Samyang has completed its XEEN line of cinema lenses with the T2.6 16mm lens, available in PL, EF, Nikon, MFT and Sony E mounts.
Samyang has finally competed the release of its XEEN line of cinema primes with the 16mm T2.6, hinted at in teaser images over the summer. The XEEN line, based on the older Samyang VDSLR line, has generated some excitement and promises to offer impressive performance considering the price. With a list price under $2500, and street prices regularly coming in around $2200, the XEEN line offers traditional cinema lens features like consistent front element size (114mm) and focus/aperture ring placement for fast lens swaps, 200° focus rotation for precise focusing, internal focus for no lens length change (so the front element won't hit your matte box), and of course the swappable lens mount. While it can't be done in the field and requires a trip to a lens tech, lenses that can be changed between five popular mounts are a smart investment that could likely be of reliable service for many years to come.
We made some guesses when the lens was first teased, primarily that the missing lens in the line would be based on the Rokinon 16mm T2.2 model. However, Samyang states that this is a new design and not based on the Rokinon, which makes sense since the previous lens only covered Super 35mm, and this lens offers Full Frame coverage. That being said, the final specs of the lens are something of a disappointment, especially for a brand new design.
The main line of lenses in the series—from 24mm to 85mm—open to a T1.5, which is just a bit stopped down from a 1.4, long the gold standard of "wide aperture" on a lens. At the long end of the spectrum, the 135mm only opens to a 2.2, but that's only around one stop slower than the rest of the line, and at the longer end of things it's generally alright to stop down a bit and accept the extra depth of field that comes with it. If you are WFO (wide freaking open) on a 135mm, your depth of field is likely tiny, and having a little extra room to help the focus puller is often appreciated. It's also physically more complicated to design a wide aperture long lens, as aperture is the relationship of the length to the width of the lens, and long lenses have to be physically much wider to make a long lens that opens wide.
The new lens is only 2/3 of a stop faster than the widest in the range (the 14mm T3.5), leaving the new 16mm slightly more than 1 1/3 stops slower than the rest of the line with their T1.5 apertures. This 1 1/3 stop would still keep this lens from being in the regular rotation, since a consistent aperture is such a key part of a cine lens line. Cinematographers are generally lighting a scene to a specific aperture, and if the majority of your lenses open to a T1.5, the trade off of extra light volume and time to light to a T2.6 for only your widest lens won't always be worth it.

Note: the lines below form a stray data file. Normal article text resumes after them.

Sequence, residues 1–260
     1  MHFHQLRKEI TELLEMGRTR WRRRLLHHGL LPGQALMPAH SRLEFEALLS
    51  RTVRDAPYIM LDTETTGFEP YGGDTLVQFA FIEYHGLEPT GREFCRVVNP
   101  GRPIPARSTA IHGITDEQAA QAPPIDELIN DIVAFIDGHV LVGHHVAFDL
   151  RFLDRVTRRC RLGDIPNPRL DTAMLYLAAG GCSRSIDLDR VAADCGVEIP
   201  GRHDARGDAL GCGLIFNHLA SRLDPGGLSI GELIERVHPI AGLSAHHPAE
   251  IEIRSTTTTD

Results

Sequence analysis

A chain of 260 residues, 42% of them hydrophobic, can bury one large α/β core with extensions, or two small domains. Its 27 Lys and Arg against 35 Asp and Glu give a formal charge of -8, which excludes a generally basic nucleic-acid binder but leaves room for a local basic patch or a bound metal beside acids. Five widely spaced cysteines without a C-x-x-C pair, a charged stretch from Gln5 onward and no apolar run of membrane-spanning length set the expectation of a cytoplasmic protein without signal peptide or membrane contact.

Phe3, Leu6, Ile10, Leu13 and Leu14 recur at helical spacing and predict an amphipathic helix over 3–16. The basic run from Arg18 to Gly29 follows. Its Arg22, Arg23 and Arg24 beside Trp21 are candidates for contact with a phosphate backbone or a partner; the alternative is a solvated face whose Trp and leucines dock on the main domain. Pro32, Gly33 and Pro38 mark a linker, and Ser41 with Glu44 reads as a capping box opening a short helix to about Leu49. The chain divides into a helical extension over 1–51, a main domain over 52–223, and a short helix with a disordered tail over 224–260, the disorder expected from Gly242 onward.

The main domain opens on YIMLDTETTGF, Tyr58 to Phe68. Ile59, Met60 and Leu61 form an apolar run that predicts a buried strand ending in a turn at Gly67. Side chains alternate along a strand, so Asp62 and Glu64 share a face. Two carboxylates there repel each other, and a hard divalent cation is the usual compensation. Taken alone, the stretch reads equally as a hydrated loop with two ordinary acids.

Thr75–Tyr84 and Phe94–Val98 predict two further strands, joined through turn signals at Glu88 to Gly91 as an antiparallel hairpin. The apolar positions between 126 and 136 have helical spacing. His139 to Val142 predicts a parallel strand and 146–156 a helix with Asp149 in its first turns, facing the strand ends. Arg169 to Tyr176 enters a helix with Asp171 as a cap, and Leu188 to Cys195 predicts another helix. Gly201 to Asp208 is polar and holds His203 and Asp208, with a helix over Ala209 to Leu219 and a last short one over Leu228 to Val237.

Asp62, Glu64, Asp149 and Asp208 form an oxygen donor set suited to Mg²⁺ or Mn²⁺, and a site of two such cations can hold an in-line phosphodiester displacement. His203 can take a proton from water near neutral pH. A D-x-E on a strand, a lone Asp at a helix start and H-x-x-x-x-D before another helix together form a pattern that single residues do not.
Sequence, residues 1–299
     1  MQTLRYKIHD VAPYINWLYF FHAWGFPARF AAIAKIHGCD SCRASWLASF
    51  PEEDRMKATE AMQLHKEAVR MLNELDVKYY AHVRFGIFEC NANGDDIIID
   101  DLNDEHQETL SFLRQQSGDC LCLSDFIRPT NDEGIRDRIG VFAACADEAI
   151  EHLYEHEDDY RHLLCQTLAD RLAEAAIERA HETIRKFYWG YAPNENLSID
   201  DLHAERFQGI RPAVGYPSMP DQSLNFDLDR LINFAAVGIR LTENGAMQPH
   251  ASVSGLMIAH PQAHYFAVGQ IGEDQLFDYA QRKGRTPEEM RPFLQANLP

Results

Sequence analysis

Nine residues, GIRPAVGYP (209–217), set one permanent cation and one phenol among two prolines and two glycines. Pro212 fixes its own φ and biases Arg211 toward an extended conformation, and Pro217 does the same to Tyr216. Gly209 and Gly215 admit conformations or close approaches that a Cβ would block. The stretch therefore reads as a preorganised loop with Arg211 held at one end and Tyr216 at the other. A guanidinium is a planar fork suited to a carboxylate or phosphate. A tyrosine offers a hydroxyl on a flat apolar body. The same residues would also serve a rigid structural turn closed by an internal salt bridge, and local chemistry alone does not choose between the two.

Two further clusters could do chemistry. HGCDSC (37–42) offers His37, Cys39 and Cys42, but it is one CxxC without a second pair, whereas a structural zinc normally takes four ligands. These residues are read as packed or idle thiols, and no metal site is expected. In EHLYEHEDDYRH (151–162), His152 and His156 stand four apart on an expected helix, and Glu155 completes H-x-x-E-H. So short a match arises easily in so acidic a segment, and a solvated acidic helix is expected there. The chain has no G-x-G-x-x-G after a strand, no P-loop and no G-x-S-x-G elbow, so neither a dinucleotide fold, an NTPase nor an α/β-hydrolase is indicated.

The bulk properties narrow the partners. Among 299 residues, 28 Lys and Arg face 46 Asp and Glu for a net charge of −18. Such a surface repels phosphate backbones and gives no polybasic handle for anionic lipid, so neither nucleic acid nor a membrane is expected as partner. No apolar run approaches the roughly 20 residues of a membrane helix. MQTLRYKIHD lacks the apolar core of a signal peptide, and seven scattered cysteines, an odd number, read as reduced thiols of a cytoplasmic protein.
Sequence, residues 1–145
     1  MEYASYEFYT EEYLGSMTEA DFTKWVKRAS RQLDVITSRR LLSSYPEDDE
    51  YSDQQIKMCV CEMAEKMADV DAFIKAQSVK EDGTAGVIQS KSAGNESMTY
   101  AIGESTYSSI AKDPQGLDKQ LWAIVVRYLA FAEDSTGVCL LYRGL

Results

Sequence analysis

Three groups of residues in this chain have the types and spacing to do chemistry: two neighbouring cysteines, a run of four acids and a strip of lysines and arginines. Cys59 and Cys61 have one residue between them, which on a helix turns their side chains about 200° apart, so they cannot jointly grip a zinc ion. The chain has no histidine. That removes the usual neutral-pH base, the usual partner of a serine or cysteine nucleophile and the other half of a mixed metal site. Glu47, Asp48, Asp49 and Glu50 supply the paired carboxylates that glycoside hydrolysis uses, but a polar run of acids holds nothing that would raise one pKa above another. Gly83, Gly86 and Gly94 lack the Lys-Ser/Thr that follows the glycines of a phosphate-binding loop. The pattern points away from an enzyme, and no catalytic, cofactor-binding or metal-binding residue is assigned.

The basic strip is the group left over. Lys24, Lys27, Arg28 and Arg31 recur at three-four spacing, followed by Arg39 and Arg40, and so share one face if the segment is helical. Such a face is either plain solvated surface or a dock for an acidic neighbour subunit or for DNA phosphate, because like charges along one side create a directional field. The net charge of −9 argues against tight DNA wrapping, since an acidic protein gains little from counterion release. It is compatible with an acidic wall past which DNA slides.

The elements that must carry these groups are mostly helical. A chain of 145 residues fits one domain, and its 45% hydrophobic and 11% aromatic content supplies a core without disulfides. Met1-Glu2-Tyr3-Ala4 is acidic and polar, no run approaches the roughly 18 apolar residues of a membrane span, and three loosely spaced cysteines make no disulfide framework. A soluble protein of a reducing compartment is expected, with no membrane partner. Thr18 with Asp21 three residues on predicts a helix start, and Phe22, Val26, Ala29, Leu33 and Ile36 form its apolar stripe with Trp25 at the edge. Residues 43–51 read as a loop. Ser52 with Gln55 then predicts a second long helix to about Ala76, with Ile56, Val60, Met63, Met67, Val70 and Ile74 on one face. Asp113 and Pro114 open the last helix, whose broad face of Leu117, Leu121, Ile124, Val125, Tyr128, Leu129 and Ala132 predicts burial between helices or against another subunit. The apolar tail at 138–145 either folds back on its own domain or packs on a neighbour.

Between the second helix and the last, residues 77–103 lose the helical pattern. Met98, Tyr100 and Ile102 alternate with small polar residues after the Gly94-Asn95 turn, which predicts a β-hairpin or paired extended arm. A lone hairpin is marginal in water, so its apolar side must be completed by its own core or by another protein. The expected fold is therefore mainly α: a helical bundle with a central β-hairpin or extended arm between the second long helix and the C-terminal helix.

Considering the field of view of the 24mm XEEN at Full Frame is 84°, the equivalent of a 14mm lens on Super35mm, many Full Frame filmmakers will likely not feel the need to go for the wider, slower glass. This slow aperture is especially frustrating if you are going for a shallower depth of field look, as you'll want wider apertures more at the wide end of the range than you might at the long end.
There are always sacrifices that come with such affordable lenses, but considering how similar in field of view the 16mm is to the 14mm (115° vs 107° at full frame, only 7.5% difference), it seems unlikely that many users will want to purchase both, if they purchase either. This is a trade off a lot of manufacturers have made. The Zeiss CP2 15mm only opens to a T2.9, and the Schneider Xenon 18mm (twice the price of the XEEN) only manages a 2.4, but those are from lens sets that are overall slower, with both lines mostly opening to a 2.1. It seems likely that Samyang wanted to keep the pricing consistent throughout the line, and sacrificed a consistent aperture to keep the price in line with its stablemates, but I think they would have been smart to have gone for a higher price and a consistent aperture. Master Primes charge more ($21000 vs $27000, a 28% markup) for a consistent aperture on their widest glass, but it makes for a more useable set. I think users would've likely eaten a markup here for a wider aperture wide lens.
What do you think, is this is the perfect lens to complete the XEEN set? Or not quite what you were hoping for?
Available December 2016.
- 114mm Front Diameter
- Aluminum Housing
- Consistent Focus/Aperture ring placement
- Internal Focus (non-rotating front element)
- Covers Full Frame 35mm/8K VistaVision (RED)
- Mounts: PL, Canon EF, Nikon F, Sony E, Micro 4/3
- Available in Metric or Imperial Measurement
- 200° focus rotation
- 11 Blade Iris
- T2.6 maximum aperture
- 3-year limited warranty (voided if self-service lens mount change)